Wednesday, January 02, 2008

RIP, Paul!

Paul Alderson has died.

Who's that, you ask? Well, the short answer is that Paul was a guy I worked for from around 1993 to 2000. The longer story is, um, longer, and if you really want it let me know and I'll post it. In place of that, and in honor of Paul's memory, here are a few things I learned from him:
Enjoy what you do, and have fun when you work: When I started working with Paul every day was an adventure. We were both learning new stuff, figuring out new ways to do things, and building a cool tool. It was the closest I've come to working at a well-funded start-up, and I imagine the vibe was similar. We enjoyed what we were doing, we enjoyed eachother's company, and we were getting paid (relatively) well. In later years as the department grew Paul was forced in to more of a management role which he generally did well, but didn't enjoy nearly as much as the creative side of things. Perhaps not coincidentally he started having some major health issues and the fun pretty much went out of it for him.

Don't sweat the small stuff: It's trite, but it's true and Paul was (generally) good at letting the minor crap roll off his back. And I've tried to emulate that.

Confront staff problems early: This is one Paul and I learned together, but I haven't really learned it. Not that I have people reporting to me any more...anyhoo, we had a couple people on the team that needed to be fired for various reasons, and we let it slide far too long. And as a result the expected happened: team morale suffered, we looked like idiots, and the company spent money on salaries for people who didn't produce. The problem was that both Paul and I were softies at heart and hated firing people. Which isn't a bad thing, except for when it is.

Listen to your body: This is a lesson I learned by observing Paul do exactly the opposite. While he preached the whole "don't come to work sick" thing he couldn't follow it himself. He worked when he was sick. He worked when he was in pain. He worked when he was hopped up on goofballs and suffering from something called "Prednisone Psychosis". And as a result his health suffered, the team suffered, and our relationship suffered. Because let's face it, it's hard to respect a guy who won't take care of himself, especially when he's grilling you on the details of a conversation that never happened.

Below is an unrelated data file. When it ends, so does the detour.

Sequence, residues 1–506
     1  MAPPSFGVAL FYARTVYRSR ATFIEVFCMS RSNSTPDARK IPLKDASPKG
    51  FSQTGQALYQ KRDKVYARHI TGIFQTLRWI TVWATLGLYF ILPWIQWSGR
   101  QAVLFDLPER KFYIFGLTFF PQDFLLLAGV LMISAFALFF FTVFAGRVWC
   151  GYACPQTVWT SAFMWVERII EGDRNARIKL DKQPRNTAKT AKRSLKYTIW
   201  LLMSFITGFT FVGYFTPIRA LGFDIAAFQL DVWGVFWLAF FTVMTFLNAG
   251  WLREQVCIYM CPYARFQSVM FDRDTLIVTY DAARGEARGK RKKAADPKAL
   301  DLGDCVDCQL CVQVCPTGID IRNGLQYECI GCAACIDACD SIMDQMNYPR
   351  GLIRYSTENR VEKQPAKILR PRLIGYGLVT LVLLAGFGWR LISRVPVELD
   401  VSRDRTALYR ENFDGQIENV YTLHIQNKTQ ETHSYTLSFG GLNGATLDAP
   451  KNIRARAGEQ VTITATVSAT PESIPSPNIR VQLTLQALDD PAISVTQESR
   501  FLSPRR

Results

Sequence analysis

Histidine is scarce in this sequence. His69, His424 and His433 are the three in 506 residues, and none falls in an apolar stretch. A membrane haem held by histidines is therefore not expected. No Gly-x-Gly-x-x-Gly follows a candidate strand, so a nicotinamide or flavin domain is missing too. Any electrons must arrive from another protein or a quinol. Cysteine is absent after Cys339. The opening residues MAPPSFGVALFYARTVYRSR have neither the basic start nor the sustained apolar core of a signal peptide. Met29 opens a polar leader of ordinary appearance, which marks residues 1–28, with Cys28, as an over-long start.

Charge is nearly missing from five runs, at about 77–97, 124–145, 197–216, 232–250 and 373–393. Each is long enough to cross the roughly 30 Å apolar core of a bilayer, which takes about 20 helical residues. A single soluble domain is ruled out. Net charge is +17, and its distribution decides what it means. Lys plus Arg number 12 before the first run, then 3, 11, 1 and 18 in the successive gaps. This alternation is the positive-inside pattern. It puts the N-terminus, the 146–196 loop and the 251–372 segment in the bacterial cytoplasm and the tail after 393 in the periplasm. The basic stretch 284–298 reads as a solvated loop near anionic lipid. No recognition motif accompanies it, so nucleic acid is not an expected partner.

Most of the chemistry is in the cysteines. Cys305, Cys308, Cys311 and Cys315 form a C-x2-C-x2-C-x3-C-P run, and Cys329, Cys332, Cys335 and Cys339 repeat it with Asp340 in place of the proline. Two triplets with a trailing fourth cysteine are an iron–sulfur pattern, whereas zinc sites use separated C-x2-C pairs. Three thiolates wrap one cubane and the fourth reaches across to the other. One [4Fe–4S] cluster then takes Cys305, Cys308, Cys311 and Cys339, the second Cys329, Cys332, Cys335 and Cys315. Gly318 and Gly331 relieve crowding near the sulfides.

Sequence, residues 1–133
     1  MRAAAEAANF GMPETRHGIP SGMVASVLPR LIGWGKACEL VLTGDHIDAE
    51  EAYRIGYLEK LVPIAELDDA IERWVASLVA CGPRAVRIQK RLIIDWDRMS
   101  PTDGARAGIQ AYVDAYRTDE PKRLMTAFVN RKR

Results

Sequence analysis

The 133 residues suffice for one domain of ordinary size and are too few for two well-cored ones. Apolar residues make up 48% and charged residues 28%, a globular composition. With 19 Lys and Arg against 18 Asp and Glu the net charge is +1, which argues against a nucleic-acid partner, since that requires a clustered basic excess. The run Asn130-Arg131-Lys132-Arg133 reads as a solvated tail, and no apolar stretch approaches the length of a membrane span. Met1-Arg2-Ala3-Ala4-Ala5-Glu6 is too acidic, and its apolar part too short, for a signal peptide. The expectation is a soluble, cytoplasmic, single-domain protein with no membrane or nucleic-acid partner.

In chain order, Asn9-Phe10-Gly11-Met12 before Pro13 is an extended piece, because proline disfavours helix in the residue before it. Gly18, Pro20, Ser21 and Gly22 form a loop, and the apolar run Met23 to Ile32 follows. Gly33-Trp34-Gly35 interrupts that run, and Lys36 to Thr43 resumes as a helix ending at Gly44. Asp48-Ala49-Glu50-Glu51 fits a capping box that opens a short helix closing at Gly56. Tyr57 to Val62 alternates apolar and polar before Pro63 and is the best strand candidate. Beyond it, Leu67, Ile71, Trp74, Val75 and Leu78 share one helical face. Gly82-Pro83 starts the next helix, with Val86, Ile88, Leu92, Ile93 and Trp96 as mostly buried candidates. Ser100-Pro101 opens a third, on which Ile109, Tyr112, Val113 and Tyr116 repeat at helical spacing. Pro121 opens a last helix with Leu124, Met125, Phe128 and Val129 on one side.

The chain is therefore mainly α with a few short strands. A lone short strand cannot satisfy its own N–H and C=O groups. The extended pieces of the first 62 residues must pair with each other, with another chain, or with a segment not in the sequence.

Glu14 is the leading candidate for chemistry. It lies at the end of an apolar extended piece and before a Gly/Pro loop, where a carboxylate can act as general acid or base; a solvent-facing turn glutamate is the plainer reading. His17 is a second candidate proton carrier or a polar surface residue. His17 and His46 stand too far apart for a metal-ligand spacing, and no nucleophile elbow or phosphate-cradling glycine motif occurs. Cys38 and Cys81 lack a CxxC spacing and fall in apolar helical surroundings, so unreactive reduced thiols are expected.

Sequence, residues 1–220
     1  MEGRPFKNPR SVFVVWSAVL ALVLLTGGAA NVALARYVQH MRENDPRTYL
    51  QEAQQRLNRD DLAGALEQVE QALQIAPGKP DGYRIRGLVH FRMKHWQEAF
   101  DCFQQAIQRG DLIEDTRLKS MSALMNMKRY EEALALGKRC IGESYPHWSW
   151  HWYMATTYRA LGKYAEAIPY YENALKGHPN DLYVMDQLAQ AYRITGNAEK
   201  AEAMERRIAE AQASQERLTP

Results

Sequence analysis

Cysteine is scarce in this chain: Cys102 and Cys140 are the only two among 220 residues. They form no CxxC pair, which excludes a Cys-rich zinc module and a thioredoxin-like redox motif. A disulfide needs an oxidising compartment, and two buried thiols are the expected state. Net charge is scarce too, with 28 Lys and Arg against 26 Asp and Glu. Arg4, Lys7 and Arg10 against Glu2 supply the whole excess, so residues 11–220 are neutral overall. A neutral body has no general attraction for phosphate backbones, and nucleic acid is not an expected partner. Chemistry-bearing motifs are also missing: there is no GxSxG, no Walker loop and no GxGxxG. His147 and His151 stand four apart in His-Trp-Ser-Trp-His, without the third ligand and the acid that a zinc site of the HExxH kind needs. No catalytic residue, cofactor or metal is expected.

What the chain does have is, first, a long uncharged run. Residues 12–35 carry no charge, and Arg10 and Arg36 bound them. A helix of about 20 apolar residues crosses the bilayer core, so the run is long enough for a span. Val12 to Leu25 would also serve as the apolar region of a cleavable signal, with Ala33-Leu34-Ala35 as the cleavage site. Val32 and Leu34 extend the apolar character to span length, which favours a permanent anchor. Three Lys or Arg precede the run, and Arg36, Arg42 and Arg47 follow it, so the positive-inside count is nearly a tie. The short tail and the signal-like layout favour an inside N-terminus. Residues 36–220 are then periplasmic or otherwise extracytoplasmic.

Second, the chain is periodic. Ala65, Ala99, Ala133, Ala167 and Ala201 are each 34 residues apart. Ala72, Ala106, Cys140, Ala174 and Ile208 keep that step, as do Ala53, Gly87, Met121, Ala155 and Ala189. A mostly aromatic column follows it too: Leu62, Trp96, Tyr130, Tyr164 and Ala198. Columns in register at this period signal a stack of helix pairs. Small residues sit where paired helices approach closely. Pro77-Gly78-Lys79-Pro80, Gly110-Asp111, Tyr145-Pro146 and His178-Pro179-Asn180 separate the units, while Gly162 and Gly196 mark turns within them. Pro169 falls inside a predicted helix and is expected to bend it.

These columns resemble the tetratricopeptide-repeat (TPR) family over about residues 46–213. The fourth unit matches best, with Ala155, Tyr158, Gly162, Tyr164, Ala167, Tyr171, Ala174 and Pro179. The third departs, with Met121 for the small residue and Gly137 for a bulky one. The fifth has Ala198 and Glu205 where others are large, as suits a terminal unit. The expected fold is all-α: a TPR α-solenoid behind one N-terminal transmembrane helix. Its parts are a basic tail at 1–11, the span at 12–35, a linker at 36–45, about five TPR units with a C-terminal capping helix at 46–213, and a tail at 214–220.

Listen to your doctor: This one's a corollary (or is it companion? One of those) of the last rule, but it's still important. You'd think it was obvious, but sometimes it's easy to assume the doctor is a quack or doesn't know you and how your body will react. But as Paul proved at least once, doctors aren't all idiots and sometimes when they tell you "you're going to need to take this drug for a while, then cut it off slowly" they're right. And if you suddenly stop taking the drug they warned you about because you've quit other things "cold turkey" you'll probably end up in the hospital.

It's not rocket science: This was Paul's favorite line, so it's not really a lesson...although it is applicable to just about everything I've done in the work world, either during my days with Paul or after. It went along with his other fave phrase of "don't reinvent the wheel". Trite, both of them, but they did sum up a lot of the management philosophy of our group: keep it simple, and reuse anything and everything.

I'm sure there's more, but nothing is coming to mind right now, and hasn't in the weeks that I've been thinking about this (Paul died in early December...I apparently didn't learn any lessons about procrastination from him). So I'll wrap up with a heartfelt thanks to the late Paul Alderson for his guidance, support and friendship early in my business career, and an equally heartfelt apology for not staying in touch (or forcing him to keep in touch) after the department was shut down and we each went our separate ways. Hopefully that will be the lesson I really learn from him!

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